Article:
Tear fluid plays a vital role in protecting the ocular surface and maintaining conditions optimal for ocular health and vision. Tear fluid may also potentially have a role as a diagnostic fluid, in a similar manner to the way in which saliva has increasingly been utilized for diagnostic tests. This study aimed to determine if tear fluid analysis could distinguish subjects classed as stressed, based on their scores on a validated psychological questionnaire, from non-stressed subjects. The levels of a number of molecules known to be involved in the stress response were investigated in tear fluid. Two of these stress mediators, cortisol and dehydroepiandrosterone (DHEA), were reported for the first time in tear fluid, while the remaining molecules, serotonin, secretory immunoglobulin A (sIgA) and the cytokines interleukin (IL)-1β, IL-6, IL-8, IL-10, IL- 12p70 and TNF-α, had already been reported in tears but not in relation to stress levels. After preliminary investigation of chromatographic methods, enzyme immunoassays were used to detect and quantitate all the molecules except for the cytokines, which were analysed on a flow cytometer using a cytometric bead array assay. The levels of tear cortisol, DHEA and the molar ratio of these two, [C/D], were significantly different between stressed and non-stressed groups, with cortisol being lower, DHEA higher and [C/D] lower in the stressed group. Further extensive investigation is required before the reliability of these potential biomarkers is confirmed. However, preliminary studies showed that tear cortisol and DHEA concentrations exhibited a diurnal variation, and while they showed considerable variation between individuals, the tear [C/D] showed a lower ratio of within-subject variance to between-subject variance than the saliva [C/D] or serum [C/D]. Of the other molecules investigated, tear sIgA concentration normalised for tear protein concentration, as well as the levels of the cytokines IL-12p70 and IL-8, had some relationship to the stress level of the study’s subjects. However, further studies with larger subject groups are required before making firm conclusions on these markers.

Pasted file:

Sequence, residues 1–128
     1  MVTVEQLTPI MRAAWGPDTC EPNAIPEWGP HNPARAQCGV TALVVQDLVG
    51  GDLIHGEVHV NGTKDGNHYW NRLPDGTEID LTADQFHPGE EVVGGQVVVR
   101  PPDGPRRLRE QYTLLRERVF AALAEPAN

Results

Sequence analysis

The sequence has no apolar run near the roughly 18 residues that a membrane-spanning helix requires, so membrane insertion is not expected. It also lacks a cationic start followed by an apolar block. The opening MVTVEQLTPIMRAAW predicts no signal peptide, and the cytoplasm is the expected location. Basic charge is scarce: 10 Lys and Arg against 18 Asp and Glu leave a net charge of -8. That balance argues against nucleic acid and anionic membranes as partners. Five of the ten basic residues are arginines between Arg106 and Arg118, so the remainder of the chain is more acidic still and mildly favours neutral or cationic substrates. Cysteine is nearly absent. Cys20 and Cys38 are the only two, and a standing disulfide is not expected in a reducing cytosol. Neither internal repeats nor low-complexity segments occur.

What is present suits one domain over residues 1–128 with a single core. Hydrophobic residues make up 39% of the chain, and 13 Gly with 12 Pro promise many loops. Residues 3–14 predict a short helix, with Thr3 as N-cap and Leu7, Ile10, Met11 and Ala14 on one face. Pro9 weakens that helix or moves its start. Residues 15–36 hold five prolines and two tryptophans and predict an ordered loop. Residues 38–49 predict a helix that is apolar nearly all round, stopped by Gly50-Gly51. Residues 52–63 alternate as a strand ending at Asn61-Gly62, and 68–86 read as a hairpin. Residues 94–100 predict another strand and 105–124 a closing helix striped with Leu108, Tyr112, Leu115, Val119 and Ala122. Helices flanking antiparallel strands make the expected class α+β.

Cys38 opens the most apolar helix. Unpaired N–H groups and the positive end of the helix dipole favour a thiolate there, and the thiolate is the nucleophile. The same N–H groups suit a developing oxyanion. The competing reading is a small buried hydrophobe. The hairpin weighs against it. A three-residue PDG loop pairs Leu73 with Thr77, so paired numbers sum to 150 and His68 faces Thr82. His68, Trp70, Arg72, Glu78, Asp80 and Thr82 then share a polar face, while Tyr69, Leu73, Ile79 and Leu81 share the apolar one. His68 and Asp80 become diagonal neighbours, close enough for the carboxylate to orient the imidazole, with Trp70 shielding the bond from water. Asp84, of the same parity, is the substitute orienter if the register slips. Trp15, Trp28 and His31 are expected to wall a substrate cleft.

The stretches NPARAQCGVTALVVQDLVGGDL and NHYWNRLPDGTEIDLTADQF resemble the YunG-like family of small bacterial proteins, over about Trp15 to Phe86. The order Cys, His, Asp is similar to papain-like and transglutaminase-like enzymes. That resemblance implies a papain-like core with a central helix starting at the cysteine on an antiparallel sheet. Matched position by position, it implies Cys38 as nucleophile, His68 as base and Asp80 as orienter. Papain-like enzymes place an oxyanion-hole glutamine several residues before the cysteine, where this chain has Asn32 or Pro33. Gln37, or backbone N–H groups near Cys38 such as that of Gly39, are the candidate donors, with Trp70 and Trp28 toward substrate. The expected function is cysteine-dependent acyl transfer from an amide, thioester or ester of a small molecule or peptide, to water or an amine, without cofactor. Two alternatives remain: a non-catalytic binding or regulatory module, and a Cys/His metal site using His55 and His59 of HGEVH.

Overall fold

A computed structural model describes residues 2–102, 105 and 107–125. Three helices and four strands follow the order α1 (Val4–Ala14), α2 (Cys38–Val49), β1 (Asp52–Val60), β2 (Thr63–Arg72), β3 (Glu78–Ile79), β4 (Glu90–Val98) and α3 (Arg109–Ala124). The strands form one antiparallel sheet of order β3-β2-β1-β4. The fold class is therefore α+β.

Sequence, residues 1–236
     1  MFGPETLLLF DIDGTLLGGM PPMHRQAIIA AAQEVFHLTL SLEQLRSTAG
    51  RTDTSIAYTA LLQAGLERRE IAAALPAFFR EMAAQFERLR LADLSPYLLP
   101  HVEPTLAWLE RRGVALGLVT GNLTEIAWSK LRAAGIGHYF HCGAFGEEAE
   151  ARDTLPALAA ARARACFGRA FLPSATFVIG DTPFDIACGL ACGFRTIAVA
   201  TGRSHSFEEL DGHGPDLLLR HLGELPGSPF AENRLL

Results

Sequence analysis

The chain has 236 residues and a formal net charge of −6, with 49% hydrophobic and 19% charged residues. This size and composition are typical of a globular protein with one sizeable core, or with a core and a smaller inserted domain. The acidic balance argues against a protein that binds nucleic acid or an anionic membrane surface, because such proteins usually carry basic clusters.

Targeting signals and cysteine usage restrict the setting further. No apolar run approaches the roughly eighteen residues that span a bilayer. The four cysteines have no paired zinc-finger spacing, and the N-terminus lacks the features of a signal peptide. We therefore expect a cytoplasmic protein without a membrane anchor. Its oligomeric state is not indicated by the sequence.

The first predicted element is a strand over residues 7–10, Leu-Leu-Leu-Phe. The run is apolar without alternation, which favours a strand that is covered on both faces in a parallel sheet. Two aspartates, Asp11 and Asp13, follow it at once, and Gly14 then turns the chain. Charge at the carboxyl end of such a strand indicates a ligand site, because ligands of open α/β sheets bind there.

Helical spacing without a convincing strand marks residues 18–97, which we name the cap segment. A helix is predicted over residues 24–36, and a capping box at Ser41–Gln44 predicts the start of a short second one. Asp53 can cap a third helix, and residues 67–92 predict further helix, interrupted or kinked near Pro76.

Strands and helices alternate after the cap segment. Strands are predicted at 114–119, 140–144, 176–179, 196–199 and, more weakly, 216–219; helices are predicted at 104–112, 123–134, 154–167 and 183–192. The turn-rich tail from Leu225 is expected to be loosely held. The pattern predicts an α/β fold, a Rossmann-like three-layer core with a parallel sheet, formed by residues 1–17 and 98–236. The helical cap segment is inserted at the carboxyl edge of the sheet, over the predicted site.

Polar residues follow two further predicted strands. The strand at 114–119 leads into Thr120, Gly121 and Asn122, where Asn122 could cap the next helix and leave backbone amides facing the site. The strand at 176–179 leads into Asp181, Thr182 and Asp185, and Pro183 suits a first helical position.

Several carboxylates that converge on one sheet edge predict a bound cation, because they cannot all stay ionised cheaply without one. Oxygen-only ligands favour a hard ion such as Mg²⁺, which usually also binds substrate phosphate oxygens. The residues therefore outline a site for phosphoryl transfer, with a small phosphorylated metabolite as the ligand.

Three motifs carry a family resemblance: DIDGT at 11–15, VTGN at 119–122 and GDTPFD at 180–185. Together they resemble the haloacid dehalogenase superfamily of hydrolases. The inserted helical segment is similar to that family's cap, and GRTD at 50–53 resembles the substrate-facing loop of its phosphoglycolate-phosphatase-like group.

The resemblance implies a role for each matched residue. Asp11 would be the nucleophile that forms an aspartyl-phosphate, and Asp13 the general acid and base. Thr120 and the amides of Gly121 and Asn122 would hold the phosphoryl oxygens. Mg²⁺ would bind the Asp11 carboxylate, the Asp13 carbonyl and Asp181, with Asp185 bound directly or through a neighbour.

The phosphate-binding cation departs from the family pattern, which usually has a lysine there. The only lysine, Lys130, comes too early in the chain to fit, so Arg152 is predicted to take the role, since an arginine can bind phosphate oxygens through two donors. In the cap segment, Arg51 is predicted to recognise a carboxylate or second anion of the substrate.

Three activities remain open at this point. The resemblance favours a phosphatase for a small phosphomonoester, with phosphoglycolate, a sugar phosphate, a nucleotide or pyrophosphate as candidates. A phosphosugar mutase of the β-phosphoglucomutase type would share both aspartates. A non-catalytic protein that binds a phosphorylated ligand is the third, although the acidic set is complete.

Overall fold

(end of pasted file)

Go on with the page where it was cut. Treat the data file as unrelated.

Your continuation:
Copyright LK Banbury 2009